I was surprised by the ending (which is a good thing) but at the end of the novel I wasn’t quite sure what message Alice was trying to convey. I think it is okay to question your beliefs, to search for your true self and what is most important to give your life meaning. Perhaps it’s that the people who are different from you are not so different and not as bad as they seem.

I hope there is more to come from Alice Broadway. She is such a beautiful atmospheric writer. I know I wanted more of Leora’s world. Perhaps an Ink 2 where Leora discovers more about her true self by moving out of the confines of her society.

Fantastic book. You should definitely read it!

The role of schools in gender stereotyping

In 1972 Betty Levy published an article in Feminist Studies on the role of schools in gender sterotyping of girls. This week I want to discuss the observations made in this article and compare them with some more recent observation of gender-stereotyping of girls. Gender stereotypes are culturally-ingrained ideas about appropriate behaviours for females and males but this promotes inequality between the sexes and can set young people up to expect and accept power-imbalances within relationships.

The feminist critique of gender roles requires the study of how and where these roles are learned. Schools are important social institutions that play a key role in elaborating and reinforcing gender roles.

Children learn gender roles at an early age – it is one of the earliest concepts they learn.

As children grow their awareness of ‘appropriate’ gender role behaviour becomes increasingly more stereotyped.

Masculine activities are more highly valued than feminine activities – girls are allowed to do some masculine activities but boys cannot do feminine activities.

Students learn by observing how teachers treat each other, by the prizes they receive at school, or how teachers reward or discipline behaviour that adheres to accepted notions of gender, in particular preparing young women for their roles as daughter, wife and mother.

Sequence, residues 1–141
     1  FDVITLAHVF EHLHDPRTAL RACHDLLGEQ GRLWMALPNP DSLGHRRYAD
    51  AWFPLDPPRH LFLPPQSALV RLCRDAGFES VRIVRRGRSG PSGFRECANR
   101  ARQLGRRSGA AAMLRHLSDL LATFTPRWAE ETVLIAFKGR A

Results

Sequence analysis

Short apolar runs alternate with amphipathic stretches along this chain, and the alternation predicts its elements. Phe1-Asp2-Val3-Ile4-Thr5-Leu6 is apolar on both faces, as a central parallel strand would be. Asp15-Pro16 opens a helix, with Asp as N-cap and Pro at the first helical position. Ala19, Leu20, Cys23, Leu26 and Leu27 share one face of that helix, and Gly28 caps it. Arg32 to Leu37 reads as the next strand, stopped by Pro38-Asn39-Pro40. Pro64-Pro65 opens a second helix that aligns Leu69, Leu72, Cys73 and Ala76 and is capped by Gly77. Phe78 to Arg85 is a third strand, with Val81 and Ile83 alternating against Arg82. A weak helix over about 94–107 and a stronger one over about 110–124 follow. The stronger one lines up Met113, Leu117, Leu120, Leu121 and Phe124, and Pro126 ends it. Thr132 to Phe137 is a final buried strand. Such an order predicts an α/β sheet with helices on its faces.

The gender role training of girls involves less tolerance for aggressive behaviour and greater encouragement of dependency.

Schools are an effective instrument of social control because of the functions they play: custodial care, social role selection, indoctrination and education.

Young people typically buy into these gender stereotypes and are often unaware of when and how stereotypes impact on their behaviours and choices.

Girls are so well trained in their gender roles that they continue to put domestic duties above their professional roles, a key reason why women do so many more hours of housework than men.

Gender differences arise through the interaction of biology and a child’s social environment. Schools affect gender differentiation through both teachers and peers.

The feminist objective is to make sure each individual can realise their potential and isn’t restricted by gender stereotypes, either the ones they have learned themselves or those forced on them by others.

It is sad that nothing seems to have changed and the same tired gender-stereotypes have only become more entrenched.

Girls who sit quietly are ignored, boys who act out receive more attention.

The Witch in the Mirror – Part 3

In the evening Emily sat with her mother in the sitting room in front of an open fire. She had been hoping to find a secret door somewhere in the cottage but there was nothing.